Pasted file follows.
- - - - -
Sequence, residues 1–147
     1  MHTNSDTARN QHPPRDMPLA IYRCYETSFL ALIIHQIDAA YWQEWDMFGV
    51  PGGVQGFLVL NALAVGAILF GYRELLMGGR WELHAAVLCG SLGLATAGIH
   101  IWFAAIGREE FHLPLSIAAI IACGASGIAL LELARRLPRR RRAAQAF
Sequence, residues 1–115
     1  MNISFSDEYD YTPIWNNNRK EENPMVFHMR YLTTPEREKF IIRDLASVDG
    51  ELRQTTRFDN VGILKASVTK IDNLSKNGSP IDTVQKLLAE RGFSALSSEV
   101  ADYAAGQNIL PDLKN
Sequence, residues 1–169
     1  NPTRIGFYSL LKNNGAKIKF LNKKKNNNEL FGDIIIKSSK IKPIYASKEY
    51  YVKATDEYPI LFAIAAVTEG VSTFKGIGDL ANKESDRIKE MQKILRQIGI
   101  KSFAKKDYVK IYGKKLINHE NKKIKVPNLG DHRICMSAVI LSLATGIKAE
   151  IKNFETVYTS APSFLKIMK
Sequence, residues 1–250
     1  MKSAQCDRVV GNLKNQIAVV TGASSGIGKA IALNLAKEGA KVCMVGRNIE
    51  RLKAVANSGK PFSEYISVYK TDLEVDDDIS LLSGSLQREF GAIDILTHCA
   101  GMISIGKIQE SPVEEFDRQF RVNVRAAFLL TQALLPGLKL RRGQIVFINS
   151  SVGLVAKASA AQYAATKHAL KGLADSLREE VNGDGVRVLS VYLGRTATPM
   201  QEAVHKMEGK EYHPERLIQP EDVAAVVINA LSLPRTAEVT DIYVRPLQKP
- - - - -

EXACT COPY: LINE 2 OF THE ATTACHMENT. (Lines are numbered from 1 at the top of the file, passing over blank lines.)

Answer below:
     1  MHTNSDTARN QHPPRDMPLA IYRCYETSFL ALIIHQIDAA YWQEWDMFGV